After Clinic Shooting, MN Dems Push For Red Flag Law

Photo Courtesy of the National Shooting Sports Foundation

One of the questions that came up in the VIP Gold Live Chat with Hot Air’s Ed Morrissey and myself on Wednesday was from a VIP Gold member who wondered why Democrats weren’t using the shooting at a health clinic in Buffalo, Minnesota this week to push for more gun control. My response was that Democrats in Congress are focused on impeachment at the moment, but that state legislators in Minnesota would likely use the shootings to call for the passage of a red flag law at the very least.


Sure enough, that’s exactly what’s happening now.

Some Democratic legislators and gun control advocates renewed their longstanding push for background check and red-flag laws after Tuesday’s attack that killed one person and injured four others. The man arrested in the shooting had a history of violent threats and was well known to law enforcement. But gun control advocates said mass shootings, even one that hits close to home, are unlikely to change the dynamic in the Legislature, where the Senate’s Republican majority has opposed those measures.

“Anytime there’s another shooting it highlights the importance of getting guns out of the hands of people that are a danger to themselves or others,” said Sen. Ron Latz, DFL-St. Louis Park, who has pushed for several gun control measures. He said Senate Democrats will request a hearing on the bills again this year, “But I expect we’ll be stonewalled like we have in the past.”

The suspect in the shooting was well known to law enforcement, according to local officials, and had a restraining order filed against him several years ago after threatening the same clinic with a mass shooting or bombing.

He was charged with violating that restraining order in 2018, but a judge dismissed the charge because Ulrich was found mentally incompetent to proceed with the case. In 2019, a court official noted Ulrich was attempting to apply for his permit to purchase a firearm but had not yet been approved. The court official “highly recommended” that he not be allowed to have any dangerous weapons or firearms. It’s unclear how he got the gun.


If Ulrich had been found mentally incompetent to stand trial, then under federal law he’s considered a prohibited person not legally allowed to purchase or own a firearm to begin with. I’m surprised that his attempt in 2019 to purchase a firearm was even considered, given that he should be been denied by a NICS check.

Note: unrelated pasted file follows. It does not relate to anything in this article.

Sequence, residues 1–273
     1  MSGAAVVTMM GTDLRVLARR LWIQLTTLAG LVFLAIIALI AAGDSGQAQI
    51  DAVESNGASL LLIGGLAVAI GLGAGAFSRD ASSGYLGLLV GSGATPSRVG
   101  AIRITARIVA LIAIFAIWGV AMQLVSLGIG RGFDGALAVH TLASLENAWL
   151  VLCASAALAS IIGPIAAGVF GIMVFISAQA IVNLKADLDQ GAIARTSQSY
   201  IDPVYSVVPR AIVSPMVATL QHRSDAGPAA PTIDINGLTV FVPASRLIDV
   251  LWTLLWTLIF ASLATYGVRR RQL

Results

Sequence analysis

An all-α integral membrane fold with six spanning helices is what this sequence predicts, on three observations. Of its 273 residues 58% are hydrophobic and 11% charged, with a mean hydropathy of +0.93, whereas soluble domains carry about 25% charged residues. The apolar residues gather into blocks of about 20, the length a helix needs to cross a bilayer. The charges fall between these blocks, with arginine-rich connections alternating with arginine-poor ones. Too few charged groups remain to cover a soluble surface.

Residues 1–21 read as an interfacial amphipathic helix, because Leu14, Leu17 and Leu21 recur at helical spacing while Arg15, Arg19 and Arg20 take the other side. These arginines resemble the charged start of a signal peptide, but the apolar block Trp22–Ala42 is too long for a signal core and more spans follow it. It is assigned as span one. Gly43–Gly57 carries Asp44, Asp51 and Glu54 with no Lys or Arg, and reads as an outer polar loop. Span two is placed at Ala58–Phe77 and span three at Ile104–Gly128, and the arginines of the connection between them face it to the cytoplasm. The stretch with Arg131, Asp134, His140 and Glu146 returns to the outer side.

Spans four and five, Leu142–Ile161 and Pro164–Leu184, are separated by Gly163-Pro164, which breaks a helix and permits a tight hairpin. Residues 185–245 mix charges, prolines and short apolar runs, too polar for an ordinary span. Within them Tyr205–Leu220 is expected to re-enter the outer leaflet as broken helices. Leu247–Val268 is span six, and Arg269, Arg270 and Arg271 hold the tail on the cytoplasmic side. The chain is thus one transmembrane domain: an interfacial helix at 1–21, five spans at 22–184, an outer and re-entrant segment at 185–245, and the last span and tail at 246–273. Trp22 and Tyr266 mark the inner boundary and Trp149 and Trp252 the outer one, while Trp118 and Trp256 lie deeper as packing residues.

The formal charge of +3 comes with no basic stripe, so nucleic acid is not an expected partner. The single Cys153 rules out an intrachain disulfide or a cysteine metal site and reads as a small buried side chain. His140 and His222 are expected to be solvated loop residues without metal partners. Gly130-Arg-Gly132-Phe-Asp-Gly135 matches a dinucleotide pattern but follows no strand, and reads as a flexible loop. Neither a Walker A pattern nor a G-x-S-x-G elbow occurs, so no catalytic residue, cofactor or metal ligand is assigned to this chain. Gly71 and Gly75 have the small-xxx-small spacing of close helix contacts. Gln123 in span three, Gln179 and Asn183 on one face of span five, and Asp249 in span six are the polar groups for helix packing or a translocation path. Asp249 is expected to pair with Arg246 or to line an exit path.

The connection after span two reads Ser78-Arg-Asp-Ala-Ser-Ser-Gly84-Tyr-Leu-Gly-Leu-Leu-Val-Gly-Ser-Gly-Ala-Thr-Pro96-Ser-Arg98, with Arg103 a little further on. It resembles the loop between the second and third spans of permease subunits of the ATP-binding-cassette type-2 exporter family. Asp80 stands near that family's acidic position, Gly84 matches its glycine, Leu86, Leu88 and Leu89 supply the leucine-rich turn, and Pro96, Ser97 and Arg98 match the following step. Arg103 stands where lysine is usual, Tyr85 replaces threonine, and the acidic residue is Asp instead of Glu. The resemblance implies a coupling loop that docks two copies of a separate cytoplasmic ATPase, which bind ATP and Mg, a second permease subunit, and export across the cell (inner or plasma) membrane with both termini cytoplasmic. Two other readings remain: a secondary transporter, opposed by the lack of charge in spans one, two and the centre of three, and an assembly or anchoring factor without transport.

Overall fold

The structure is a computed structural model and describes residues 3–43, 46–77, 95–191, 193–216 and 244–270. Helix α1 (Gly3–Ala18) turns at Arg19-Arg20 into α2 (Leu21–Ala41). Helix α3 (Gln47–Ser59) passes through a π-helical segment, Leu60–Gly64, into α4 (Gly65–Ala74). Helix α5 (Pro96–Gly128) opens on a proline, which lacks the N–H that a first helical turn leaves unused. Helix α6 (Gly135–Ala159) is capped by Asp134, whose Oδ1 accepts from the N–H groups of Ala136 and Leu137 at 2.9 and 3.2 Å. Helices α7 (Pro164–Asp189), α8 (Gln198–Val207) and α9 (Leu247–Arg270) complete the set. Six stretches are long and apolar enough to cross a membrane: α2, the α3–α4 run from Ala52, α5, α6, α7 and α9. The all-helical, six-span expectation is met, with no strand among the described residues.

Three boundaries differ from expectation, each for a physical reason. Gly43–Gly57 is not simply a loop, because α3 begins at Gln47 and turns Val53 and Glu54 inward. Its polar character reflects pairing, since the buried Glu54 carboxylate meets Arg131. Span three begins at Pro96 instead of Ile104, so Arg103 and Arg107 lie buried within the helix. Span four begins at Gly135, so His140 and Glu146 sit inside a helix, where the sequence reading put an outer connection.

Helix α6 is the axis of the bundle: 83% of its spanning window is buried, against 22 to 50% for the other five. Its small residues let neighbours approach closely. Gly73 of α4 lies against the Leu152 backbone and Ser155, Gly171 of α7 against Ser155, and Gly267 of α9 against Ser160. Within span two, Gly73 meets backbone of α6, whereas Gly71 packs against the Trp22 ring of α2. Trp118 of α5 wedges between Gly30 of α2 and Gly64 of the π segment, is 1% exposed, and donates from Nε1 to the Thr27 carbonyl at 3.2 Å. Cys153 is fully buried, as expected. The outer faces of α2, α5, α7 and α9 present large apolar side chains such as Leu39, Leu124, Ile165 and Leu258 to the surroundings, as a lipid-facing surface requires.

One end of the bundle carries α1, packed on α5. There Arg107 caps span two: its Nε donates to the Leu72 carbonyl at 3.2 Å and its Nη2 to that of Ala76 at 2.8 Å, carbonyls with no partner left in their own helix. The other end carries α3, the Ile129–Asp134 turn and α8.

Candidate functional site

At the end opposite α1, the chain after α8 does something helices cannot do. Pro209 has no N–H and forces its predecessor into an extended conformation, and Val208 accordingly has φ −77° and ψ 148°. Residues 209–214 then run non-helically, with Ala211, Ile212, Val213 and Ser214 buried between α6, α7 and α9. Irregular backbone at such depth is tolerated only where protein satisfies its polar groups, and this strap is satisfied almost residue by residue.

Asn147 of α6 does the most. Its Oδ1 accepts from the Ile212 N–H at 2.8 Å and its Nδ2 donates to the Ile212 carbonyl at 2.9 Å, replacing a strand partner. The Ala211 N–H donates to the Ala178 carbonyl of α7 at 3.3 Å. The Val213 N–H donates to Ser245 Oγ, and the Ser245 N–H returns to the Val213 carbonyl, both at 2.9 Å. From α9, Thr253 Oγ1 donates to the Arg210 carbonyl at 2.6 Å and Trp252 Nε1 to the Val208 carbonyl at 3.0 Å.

Democrats are using the shooting to push for a red flag or Extreme Risk Protection Order law, but I don’t think it would have been of much use here. After all, ERPO’s only require the seizure of lawfully owned firearms, and the suspect in this case was also apparently able to construct bombs and other destructive devices. Red-flagging him may have removed his guns, but it would have left him free to plot other ways to target the clinic. Red flag laws are simply gun control bills masquerading as mental health legislation, and they do nothing to actually treat the person who’s been flagged.

I’m curious as to why, given the mental incompetence finding in 2018, the suspect was never taken in on a mental health hold, which could have kept him confined in an inpatient facility if doctors considered his mental health to be a risk to himself or others.

Unfortunately, Minnesota, like a lot of other states, has a severe shortage of in-patient beds available for those in the grips of a mental health crisis. That’s where the focus of lawmakers should be here, not on trying to pass gun control bills that would have little-to-no impact on criminals or individuals whose mental states have deteriorated to the point that they’re a danger to the public or to themselves.



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